By Candice Lewis Bredbenner
In 1907, the government declared that any American lady marrying a foreigner needed to imagine the nationality of her husband, and thereby denationalized millions of yank ladies. This hugely unique learn follows the dramatic diversifications in women's nationality rights, citizenship legislation, and immigration coverage within the usa through the overdue revolutionary and interwar years, putting the historical past and effect of "derivative citizenship" in the large context of the women's suffrage move. Making amazing use of fundamental resources, and using unique records from many best women's reform agencies, govt enterprises, Congressional hearings, and federal litigation related to women's naturalization and expatriation, Candice Bredbenner presents a clean modern feminist viewpoint on key ancient, political, and criminal debates with regards to citizenship, nationality, political empowerment, and their implications for women's criminal prestige within the usa. This attention-grabbing and well-constructed account contributes profoundly to an enormous yet little-understood point of the women's rights move in twentieth-century the USA.
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Additional info for A Nationality of Her Own: Women, Marriage, and the Law of Citizenship
This was not the case; rather, as the law's other provisions make clear, Congress was responding to a general demand from inside and outside the government to enact restrictive nationality and immigration laws. The motives behind the introduction of this expatriation act were diverse, encompassing policy concerns relating to immigration control, dual citizenship, and naturalization, as well as the more nebulous matter of women's patriotism. The basic objective of the Expatriation Act of 1907 was a reduction in the number of Americans who, in the eyes of the federal government, had compromised their citizenship status by maintaining or establishing foreign ties of some type.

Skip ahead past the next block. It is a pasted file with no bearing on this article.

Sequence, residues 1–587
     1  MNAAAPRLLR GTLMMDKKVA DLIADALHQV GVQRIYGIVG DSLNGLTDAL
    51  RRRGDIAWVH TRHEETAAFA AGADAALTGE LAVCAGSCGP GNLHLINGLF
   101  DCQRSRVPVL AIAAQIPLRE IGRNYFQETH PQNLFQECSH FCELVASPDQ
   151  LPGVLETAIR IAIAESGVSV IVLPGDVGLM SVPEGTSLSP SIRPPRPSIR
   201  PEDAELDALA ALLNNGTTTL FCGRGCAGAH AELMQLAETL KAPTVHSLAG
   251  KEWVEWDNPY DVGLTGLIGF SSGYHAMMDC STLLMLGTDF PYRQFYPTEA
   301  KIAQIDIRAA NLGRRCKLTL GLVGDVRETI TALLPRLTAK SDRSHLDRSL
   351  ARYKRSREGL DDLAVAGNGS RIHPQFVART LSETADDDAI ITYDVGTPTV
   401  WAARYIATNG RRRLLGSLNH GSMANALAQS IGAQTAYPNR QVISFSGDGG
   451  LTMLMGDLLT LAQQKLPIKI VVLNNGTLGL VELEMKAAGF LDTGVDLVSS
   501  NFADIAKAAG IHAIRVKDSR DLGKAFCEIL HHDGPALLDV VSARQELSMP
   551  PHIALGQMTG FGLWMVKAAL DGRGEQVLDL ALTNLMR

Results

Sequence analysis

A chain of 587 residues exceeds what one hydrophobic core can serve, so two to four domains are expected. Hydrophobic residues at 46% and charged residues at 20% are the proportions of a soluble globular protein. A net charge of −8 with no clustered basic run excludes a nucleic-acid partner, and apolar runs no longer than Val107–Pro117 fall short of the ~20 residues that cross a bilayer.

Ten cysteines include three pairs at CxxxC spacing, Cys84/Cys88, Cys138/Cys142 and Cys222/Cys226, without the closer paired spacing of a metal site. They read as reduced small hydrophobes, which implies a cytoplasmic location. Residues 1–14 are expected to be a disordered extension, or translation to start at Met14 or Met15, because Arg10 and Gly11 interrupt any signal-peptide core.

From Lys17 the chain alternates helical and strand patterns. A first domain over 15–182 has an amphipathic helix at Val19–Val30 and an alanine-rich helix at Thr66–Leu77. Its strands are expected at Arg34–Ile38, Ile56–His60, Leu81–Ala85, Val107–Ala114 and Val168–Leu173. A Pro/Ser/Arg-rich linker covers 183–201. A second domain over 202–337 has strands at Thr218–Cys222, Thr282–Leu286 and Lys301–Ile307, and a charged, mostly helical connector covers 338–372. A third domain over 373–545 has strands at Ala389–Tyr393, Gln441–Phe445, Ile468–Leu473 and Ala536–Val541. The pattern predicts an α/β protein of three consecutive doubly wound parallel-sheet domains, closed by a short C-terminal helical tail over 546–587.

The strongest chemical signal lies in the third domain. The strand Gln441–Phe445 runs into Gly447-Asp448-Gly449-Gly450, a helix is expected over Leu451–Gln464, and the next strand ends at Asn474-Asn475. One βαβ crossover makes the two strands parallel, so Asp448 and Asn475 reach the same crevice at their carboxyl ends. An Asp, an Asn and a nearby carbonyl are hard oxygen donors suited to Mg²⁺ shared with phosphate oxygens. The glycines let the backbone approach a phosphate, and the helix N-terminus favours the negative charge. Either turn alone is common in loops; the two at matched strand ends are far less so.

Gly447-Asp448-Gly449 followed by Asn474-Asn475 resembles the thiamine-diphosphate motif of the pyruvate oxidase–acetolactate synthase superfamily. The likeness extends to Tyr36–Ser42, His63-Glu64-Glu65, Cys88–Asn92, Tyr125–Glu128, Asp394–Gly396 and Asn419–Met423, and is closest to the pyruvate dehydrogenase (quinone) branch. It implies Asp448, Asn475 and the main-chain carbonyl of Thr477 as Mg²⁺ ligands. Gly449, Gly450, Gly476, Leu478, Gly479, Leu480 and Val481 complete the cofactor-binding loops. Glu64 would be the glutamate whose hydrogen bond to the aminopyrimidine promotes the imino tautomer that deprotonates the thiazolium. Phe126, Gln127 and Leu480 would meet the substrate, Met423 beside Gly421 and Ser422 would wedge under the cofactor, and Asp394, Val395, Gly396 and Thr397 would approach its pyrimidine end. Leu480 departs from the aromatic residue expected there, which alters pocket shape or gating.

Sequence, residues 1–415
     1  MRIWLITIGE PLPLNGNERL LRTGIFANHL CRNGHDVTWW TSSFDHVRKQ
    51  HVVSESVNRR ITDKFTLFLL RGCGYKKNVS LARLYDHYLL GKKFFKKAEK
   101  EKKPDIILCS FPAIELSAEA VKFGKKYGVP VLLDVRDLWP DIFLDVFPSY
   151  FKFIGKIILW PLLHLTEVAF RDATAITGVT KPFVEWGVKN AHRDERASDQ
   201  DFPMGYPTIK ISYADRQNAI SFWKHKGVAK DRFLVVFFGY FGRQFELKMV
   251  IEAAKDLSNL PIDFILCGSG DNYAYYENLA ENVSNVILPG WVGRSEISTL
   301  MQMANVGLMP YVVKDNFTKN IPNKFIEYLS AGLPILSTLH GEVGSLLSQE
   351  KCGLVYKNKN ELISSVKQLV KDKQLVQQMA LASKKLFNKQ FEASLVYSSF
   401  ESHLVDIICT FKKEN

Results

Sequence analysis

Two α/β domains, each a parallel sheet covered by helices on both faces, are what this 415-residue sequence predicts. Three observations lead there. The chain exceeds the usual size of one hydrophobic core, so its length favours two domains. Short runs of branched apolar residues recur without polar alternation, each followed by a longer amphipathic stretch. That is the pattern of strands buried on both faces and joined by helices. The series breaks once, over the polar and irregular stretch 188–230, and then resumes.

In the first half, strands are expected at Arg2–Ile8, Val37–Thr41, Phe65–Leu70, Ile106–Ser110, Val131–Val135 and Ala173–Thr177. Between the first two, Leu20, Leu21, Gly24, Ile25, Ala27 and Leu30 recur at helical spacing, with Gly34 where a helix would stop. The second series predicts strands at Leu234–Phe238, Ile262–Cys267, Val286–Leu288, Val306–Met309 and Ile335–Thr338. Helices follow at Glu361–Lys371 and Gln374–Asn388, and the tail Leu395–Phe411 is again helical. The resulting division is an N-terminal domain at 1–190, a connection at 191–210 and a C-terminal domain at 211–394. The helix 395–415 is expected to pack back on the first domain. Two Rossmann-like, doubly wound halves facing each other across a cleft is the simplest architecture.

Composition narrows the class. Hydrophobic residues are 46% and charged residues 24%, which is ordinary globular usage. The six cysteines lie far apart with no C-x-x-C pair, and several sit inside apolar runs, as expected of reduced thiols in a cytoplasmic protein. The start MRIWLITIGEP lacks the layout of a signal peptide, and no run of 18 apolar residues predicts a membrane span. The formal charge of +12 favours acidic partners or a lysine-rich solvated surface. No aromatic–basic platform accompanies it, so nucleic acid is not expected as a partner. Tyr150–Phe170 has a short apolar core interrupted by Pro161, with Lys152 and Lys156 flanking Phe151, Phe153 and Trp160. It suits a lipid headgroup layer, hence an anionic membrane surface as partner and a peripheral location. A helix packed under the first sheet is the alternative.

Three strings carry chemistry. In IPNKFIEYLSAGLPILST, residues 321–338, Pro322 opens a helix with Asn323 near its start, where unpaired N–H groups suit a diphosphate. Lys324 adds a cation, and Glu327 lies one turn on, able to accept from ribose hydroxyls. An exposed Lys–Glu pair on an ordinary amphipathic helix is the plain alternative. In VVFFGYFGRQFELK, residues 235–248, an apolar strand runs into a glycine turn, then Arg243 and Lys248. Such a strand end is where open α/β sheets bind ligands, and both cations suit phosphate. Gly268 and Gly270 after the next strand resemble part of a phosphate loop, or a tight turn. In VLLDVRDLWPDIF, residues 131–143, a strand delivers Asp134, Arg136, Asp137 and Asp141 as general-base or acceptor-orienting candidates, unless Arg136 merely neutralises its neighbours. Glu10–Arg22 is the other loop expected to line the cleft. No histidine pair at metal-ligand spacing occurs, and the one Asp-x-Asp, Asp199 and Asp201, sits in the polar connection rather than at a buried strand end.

Women Are Wonderful. : Riverside Press, 1956), 50, 51, 146. ― 64 ― Woman's rights groups were uncharacteristically unprepared to thwart this major legislative move by their national government. Perhaps they did not try to shield titled women from these blasts of opprobrium because they silently condoned the women's indictment. In fairness to this group of politically astute and organized women, although they failed to register their complaints before the policy's placement in the statute books, there was also no evidence of a popular drive to introduce marital expatriation.
Native-born women married to aliens wanted to fulfill the responsibilities of American citizenship, but the Expatriation Act of 1907 blocked their advance. This emphasis on the duties rather than the privileges of citi House Hearings, Relative to Citizenship of American Women Married to Foreigners , 33. For a newspaper report on this problem, read "Your American Citizenship Is Yours until You Marry the Handsome Foreigner," New York Evening Sun , 28 Aug. 1917. The National Women's Trade Union League did support the bill, although no representative from that organization appeared at the hearing.
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